Jeet Heer reminds Republicans that Donald Trump isn't going to disappear on November 9th:
[W]ill Trump really cease to matter in November? After all, no human being loves the spotlight more, and he’s chased after media attention since he was a young man. Being the nominee of a major party is a dream job for him, because it means people will hang on his every word. Even if he loses badly in November, Trump will likely cling to his status as the strangest “party elder” ever—and convert it into new, attention-grabbing and lucrative projects. He has indicated, for one thing, that he wants to monetize his ability to generate attention with his controversial views by creating Trump TV (whatever the election results). Don’t scoff: Sarah Palin was number two on a losing ticket in 2008 and embarrassed herself spectacularly in the process, but she still commanded millions of followers when the election was over—enough, in fact, that she became a precursor to Trump in her merger of politics and reality shows, as well as one of his key surrogates.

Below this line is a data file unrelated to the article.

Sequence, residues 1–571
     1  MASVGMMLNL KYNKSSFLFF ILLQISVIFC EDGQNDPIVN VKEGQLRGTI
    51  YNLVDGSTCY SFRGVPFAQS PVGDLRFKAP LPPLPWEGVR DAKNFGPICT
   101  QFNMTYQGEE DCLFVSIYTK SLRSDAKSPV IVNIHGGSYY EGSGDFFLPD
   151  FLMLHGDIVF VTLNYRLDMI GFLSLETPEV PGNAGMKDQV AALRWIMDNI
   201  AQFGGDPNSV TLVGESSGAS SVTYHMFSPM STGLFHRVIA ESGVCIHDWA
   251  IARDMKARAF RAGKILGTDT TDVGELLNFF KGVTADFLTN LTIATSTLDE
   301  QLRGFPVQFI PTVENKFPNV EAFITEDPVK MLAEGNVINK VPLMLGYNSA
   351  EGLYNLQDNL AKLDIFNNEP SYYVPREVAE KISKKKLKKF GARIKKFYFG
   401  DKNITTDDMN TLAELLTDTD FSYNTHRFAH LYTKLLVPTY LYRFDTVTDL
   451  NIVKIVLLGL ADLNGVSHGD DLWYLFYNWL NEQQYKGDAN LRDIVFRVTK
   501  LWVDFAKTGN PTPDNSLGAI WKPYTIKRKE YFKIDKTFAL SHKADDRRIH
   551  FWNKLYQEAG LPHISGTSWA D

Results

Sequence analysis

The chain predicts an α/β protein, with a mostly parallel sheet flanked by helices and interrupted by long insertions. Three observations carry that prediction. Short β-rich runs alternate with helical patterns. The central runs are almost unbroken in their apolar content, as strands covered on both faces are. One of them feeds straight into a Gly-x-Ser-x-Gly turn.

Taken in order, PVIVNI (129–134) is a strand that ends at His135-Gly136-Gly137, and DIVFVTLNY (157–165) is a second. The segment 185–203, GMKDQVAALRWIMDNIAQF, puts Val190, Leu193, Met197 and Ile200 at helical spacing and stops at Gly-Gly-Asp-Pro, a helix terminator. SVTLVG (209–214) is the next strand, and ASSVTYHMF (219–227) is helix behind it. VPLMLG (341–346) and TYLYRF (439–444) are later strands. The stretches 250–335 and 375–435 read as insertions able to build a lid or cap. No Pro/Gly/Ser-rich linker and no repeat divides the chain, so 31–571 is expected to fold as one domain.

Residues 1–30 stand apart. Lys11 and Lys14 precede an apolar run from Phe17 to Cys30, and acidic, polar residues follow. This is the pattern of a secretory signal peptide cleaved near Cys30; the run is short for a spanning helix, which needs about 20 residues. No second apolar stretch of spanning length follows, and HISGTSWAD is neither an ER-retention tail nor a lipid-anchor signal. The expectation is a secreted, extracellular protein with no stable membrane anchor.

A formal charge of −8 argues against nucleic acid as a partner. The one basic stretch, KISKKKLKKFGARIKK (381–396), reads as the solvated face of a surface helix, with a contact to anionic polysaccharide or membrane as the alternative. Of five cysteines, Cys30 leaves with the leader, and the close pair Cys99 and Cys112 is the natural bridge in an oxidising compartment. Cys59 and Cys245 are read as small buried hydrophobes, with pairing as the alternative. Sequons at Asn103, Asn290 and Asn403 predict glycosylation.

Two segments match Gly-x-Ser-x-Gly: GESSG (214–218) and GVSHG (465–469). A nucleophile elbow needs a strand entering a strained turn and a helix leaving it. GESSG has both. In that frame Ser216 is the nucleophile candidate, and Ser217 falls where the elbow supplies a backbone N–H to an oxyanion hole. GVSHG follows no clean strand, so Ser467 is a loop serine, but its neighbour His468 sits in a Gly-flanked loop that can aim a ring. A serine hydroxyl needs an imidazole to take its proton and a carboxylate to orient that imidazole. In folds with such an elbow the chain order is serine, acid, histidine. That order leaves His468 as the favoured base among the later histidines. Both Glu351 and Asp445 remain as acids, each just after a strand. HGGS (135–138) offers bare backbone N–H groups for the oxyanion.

Donald Trump will not go gentle into that good night. Nor will he curse the dying of the light. Instead he’ll keep pursuing the klieg lights of the media circus, and through his televised antics continue to dominate the political conversation on the Republican side. He’ll be helped by his unusually loyal and rabid fan base. As Trump rightly said, even shooting someone in broad daylight on 5th Avenue wouldn’t warn them away. In order to maintain that fan base, Trump is, based on past precedent, likely to nurture a stabbed-in-the-back myth against the Republican and media “elites” if he loses.
It looks less and less likely he'll actually win the election, but he'll be around for many years poisoning the debate. Good work, Republicans.